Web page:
When driving on the interstate, people on foot rank among the least likely thing other drivers expect to see. Even so, many reasons exist that may compel someone to walk along or across freeways.
Forbes reports that 800 pedestrians die on interstates and other freeways, each year. This represents a large increase from numbers in 2009. Unfortunately, researchers identify California as the most likely state for freeway pedestrian deaths.
Reasons for freeway use
Of the pedestrians killed, 42% made an attempt to cross the freeway. Surprisingly, only 18% of the pedestrians walked the freeways because of disabled vehicles. Roughly a third of those killed had alcohol levels of 0.08% and higher. While not discussed in the study, many people wander onto freeways intentionally to commit self-injury or suicide.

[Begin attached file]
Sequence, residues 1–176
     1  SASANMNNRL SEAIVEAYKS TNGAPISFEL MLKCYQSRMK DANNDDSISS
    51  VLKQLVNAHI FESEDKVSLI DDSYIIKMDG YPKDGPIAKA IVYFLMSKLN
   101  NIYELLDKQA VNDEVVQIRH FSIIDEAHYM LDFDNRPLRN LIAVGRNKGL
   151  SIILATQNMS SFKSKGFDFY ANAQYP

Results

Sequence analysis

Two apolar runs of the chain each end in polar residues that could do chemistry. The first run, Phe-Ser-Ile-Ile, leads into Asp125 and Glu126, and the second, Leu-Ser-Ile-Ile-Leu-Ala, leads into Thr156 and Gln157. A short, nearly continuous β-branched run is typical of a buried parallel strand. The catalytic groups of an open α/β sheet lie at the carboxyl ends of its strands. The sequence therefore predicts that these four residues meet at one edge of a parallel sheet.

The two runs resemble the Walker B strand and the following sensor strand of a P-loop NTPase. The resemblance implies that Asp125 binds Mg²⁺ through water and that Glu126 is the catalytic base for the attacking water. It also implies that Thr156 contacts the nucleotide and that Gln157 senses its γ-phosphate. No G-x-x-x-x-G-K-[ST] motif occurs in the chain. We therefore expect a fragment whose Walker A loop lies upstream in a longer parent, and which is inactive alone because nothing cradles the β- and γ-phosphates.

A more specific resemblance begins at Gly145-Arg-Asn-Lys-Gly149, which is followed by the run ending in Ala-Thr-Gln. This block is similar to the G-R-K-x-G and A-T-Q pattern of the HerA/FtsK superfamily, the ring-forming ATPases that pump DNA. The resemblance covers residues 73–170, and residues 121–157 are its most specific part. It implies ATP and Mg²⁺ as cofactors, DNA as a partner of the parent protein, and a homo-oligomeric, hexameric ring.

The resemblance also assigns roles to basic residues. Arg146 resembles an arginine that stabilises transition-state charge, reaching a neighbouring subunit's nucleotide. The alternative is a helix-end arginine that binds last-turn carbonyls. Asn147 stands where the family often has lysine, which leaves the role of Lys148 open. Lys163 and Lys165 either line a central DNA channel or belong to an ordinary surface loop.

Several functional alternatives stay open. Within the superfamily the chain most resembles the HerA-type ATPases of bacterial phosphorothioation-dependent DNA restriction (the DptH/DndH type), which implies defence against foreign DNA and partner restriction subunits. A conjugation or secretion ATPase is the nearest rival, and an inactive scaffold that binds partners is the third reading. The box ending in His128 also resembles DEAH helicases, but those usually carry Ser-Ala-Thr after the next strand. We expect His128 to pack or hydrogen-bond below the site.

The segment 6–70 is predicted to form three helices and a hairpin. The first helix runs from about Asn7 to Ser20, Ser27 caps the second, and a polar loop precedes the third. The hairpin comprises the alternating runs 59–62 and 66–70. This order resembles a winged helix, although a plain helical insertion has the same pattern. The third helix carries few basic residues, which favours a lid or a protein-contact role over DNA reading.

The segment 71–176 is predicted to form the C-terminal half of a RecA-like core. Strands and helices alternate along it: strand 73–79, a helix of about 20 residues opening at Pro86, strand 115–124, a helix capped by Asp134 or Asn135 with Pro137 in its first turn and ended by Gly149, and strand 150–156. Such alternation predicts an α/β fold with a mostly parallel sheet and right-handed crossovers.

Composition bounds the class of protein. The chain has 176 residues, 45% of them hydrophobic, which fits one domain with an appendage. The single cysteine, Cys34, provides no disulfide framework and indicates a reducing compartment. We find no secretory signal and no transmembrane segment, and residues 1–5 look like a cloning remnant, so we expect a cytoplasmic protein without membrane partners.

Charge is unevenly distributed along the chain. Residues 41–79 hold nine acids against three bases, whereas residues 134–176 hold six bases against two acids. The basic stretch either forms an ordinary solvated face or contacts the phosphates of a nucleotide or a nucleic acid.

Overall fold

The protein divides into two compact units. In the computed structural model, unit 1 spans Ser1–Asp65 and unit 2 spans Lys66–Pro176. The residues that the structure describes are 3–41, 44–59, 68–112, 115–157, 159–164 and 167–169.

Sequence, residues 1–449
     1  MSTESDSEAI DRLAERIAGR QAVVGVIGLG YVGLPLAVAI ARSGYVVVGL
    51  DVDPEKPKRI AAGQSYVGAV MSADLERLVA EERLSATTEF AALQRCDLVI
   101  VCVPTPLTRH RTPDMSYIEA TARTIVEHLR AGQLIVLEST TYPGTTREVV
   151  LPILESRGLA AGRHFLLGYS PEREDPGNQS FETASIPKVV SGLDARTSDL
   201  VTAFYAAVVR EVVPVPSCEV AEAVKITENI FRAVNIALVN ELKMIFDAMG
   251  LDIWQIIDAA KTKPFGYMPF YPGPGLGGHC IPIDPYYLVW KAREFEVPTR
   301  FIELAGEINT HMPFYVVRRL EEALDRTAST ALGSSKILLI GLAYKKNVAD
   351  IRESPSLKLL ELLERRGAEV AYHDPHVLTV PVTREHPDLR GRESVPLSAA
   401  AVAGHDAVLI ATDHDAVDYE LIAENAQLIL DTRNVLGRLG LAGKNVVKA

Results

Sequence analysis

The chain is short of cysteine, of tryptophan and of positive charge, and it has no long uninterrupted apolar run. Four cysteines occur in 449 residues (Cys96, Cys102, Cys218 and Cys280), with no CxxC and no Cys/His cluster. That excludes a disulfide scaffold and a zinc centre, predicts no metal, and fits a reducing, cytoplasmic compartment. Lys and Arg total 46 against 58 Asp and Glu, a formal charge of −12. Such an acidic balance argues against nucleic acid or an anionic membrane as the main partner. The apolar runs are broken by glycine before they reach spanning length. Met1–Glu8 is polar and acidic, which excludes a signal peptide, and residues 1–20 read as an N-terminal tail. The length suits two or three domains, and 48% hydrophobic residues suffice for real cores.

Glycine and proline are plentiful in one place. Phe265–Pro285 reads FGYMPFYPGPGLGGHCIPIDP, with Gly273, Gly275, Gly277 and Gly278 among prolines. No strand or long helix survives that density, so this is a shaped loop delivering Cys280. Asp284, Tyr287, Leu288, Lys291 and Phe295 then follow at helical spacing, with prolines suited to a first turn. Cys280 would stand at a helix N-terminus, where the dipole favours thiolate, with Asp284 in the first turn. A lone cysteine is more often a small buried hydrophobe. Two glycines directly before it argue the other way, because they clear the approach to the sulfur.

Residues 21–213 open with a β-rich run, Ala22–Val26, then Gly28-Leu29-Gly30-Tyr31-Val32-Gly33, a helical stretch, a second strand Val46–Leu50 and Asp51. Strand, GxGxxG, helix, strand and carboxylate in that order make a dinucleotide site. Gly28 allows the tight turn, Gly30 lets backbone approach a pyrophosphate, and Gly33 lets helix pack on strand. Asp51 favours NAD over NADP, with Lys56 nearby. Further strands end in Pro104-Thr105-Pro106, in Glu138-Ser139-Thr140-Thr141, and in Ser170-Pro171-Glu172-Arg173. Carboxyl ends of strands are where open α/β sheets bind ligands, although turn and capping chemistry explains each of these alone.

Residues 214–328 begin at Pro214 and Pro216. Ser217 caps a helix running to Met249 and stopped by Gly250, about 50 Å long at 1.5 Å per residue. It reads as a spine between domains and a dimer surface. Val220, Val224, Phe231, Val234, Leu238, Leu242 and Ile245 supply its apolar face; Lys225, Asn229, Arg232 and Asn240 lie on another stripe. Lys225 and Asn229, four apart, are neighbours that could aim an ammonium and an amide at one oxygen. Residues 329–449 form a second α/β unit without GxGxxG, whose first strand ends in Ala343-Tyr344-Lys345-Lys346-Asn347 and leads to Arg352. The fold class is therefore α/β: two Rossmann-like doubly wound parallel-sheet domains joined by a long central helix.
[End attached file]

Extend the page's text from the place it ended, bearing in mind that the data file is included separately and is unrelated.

Why drivers miss them
Aside from the obvious fact that drivers do not typically expect to see pedestrians on the freeway, speed plays a big role. This does not necessarily mean drivers speed above the limit. In fact, researchers found pedestrian deaths occurred more frequently in areas with high posted speed limits, such as over 65 mph. People struck by vehicles traveling at 55 mph or higher have very low likelihoods of survival.
San Diego recently joined Vision2020 to tackle its own pedestrian death problem on and off the freeway. Pedestrian deaths reached 44 in the city for the first half of 2019. Even worse, drivers sped away in six of these cases. The police department shares that drivers face greater risks when they flee the scene, especially when caught. When drivers remain behind, they do not usually face charges in San Diego.